Glossary of terms to describe the architectural features you will see on this tour.



In classical architecture, this is the collective name for the architrave, frieze and cornice.


Usually a semi-circular glazed opening above a door. Can also be used, by extension, for a rectangular glazed opening above a door.

Georgian Architecture

From 1714 to 1830 (during the reigns of George I, II, III and IV) when the classical style and classical proportions became widely used.


The triangular upper part of the front of a classical building, also used over doors and windows. Not always triangular (traditional) but sometimes segmental (shaped like a segment of Terry’s Chocolate Orange), a pediment can also be broken, open and swan-necked.

Rubbing Brick

A rubbing-brick can be easily cut, carved and rubbed to be a particular shape without it losing its long-term durability. For a very long time it was the king of bricks.

Stock Bricks

The better kind of bricks used for outward facing walls. In London, stock bricks are often yellowish in colour as they come from the local yellow clay.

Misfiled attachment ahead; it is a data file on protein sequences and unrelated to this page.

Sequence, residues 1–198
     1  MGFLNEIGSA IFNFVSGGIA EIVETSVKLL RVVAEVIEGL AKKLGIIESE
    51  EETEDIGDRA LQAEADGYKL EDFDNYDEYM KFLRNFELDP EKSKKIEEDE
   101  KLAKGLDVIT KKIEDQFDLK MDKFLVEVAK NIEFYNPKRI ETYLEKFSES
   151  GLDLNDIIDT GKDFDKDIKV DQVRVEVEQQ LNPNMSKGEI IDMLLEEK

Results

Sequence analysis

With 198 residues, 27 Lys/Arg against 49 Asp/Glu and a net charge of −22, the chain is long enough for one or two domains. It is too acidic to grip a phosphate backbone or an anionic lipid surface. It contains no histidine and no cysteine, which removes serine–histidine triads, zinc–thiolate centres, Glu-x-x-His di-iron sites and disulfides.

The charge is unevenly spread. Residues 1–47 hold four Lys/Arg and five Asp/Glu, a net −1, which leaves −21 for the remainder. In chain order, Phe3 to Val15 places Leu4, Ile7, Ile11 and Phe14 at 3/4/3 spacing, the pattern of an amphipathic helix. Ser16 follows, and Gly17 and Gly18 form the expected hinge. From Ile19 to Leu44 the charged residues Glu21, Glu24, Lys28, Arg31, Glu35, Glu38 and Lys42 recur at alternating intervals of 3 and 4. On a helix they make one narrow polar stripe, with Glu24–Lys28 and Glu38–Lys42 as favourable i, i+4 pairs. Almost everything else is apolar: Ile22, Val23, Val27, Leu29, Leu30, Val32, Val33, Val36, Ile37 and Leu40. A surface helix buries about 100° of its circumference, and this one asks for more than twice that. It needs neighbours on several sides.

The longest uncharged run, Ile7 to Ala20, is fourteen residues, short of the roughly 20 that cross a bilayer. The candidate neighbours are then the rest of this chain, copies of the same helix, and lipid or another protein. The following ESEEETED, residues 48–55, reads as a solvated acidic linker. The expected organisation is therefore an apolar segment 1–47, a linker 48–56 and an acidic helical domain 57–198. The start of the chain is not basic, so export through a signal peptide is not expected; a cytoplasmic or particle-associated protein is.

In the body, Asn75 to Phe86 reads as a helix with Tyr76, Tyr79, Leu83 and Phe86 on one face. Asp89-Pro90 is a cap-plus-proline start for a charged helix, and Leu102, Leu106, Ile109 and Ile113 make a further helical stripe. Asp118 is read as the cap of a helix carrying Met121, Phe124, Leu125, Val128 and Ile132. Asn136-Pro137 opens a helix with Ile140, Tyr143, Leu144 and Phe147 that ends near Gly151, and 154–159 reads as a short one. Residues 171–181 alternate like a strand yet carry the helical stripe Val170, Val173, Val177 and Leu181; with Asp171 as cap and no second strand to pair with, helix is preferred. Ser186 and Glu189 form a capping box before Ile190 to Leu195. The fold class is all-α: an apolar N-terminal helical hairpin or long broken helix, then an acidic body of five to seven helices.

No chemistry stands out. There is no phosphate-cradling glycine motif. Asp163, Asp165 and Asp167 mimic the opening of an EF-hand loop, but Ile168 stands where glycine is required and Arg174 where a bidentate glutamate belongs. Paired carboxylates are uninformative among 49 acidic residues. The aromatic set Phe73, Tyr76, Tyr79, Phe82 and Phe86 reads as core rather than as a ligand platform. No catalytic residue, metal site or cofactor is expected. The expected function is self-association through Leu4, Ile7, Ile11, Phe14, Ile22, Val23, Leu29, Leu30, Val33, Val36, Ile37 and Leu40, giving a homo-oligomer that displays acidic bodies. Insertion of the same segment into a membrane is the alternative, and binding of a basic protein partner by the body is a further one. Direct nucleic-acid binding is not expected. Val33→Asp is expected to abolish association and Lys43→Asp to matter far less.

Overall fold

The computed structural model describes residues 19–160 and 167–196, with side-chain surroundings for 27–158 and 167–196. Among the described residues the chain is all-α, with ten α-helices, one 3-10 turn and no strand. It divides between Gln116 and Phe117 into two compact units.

Window Arch

An arch transfers a heavy load sideways and downwards, which means you can get an arch that is flat and not necessarily ‘arched’ in shape.

Window Dressing

Not just an attractive display in a shop window, the window dressing can also apply to the decorative architectural features around a window.


Division of a space by regular vertical features, such as arches, columns or windows


Flat topped ledge with moulded underside, usually found along the top or near the top of a building.

Ground Floor/First Floor

For those of you not from Britain and haven’t yet been confused by our lifts, our first floor is not the same as the ground floor – it’s the one above!


Flat representation of a pillar.

Sill Band

A projecting horizontal band that connects window sills across the face of a wall.


Protective masonry or brickwork capping a wall (capping = put on top of).


The overhanging edge of a roof.

Great Fire of London

A terrible fire in 1666 that swept through the City of London. Despite many radical proposals to create a safer London, the city was reconstructed on pretty much the same street plan that had existed before the fire.


Wall used to conceal a roof.


In this instance, it’s the moulded frame of a door or window, but it can also mean the lowest member of the entablature (see definition below) in classical architecture.

Piano Nobile

The first floor of a Georgian house, containing the principle rooms.

Rococo Architecture

Also known as Late Baroque, this is an 18th century artistic movement which was light in style and rather graceful. Think lots of shelllike shapes and curves.

Oriel Windows

Bay windows which project from the main wall but do not reach the ground.